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Disruptions in church

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Several people wrote in comments on that response, criticizing me for not discussing disability or mental illness and what might be a way to help that parishioner. Those comments are valid, I accept the criticism and I apologize.

Father Kenneth
Doyle

Recently, I responded in this column to a question about disruptions at Mass. The letter writer said that a parishioner had been creating a scene regularly in church -- throwing her arms toward the sky, shouting out in a loud voice and walking up to the altar before anyone is invited to. The writer asked what could be done about the woman to maintain quiet and reverence.

I answered that the pastor should have a quiet conversation with her about the sense of prayerfulness needed in a church, and I quoted one diocese's written policy regarding an individual who causes a disturbance during the liturgy.

Several people wrote in comments on that response, criticizing me for not discussing disability or mental illness and what might be a way to help that parishioner. Those comments are valid, I accept the criticism and I apologize.

Here were some of the comments: "I certainly understand that your response is technically correct and that protecting the sanctity of the Mass is important, but I was surprised to find that the response never even mentioned the possibility that the individual causing the disruption may have some sort of disability or neurological condition causing that behavior."

Still another wrote: "I was shocked at your answer. ... It may be the most unchristian thing I've ever seen in this paper. My husband, who had Alzheimer's disease, often called out during Mass, waved at the priest and was otherwise 'disruptive.' ... The other parishioners were loving and understanding. The church created a special room where parents or caregivers could take a child or disabled adult if the disruption became too great."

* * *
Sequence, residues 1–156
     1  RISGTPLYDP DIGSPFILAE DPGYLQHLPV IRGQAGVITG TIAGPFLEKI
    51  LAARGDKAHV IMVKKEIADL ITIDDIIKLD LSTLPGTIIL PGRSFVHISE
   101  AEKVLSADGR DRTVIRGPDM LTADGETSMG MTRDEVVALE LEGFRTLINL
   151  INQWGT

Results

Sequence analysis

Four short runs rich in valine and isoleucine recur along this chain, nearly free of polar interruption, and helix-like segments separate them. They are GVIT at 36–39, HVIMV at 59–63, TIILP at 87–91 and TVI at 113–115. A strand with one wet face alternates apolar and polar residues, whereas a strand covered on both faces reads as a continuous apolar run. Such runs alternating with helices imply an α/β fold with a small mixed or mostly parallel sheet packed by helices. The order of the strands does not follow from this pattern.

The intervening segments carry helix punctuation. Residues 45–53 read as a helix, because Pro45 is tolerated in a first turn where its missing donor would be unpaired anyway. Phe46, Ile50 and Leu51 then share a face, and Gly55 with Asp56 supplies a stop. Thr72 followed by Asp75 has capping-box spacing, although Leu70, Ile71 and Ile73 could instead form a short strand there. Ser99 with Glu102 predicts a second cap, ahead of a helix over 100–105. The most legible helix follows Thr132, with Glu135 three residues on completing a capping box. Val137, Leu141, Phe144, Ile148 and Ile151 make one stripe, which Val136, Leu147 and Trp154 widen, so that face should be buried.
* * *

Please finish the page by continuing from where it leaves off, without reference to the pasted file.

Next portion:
But the most comforting comment of all came from Virginia from a fellow parishioner of the original letter writer. He said: "Our parish staff, including our wonderful pastor, know this lady very well and they are very kind and patient. ... Yes, the lady can be disruptive and a little startling to people who are not familiar with her, but our parish is filled with loving, kind members who understand her behavior."

Q. I know there is an official procedure for churches that are (sadly) no longer used for Catholic worship. What happens to saints' relics in the altar if the church is sold or torn down? (southwest Indiana)

A. If the relics can be removed, it would be the responsibility of the local bishop to oversee their transfer to another place suitable for veneration. Often, they are moved to a church being newly built or to an existing worship site. Interestingly, Catholic churches currently being opened are encouraged, but not strictly required, to have relics of saints in the altar.

The General Instruction of the Roman Missal says: "The practice of the deposition of relics of saints, even those not martyrs, under the altar to be dedicated is fittingly retained. However, care should be taken to ensure the authenticity of such relics" (No. 302).

Elaborating on that directive, the Ceremonial of Bishops says: "The tradition in the Roman liturgy of placing relics of martyrs or other saints beneath the altar should be preserved, if possible. But the following should be noted: ... The greatest care must be taken to determine whether the relics in question are authentic; it is better for an altar to be dedicated without relics than to have relics of doubtful authenticity placed beneath it" (No. 866).

- Father Kenneth Doyle is a columnist for Catholic News Service



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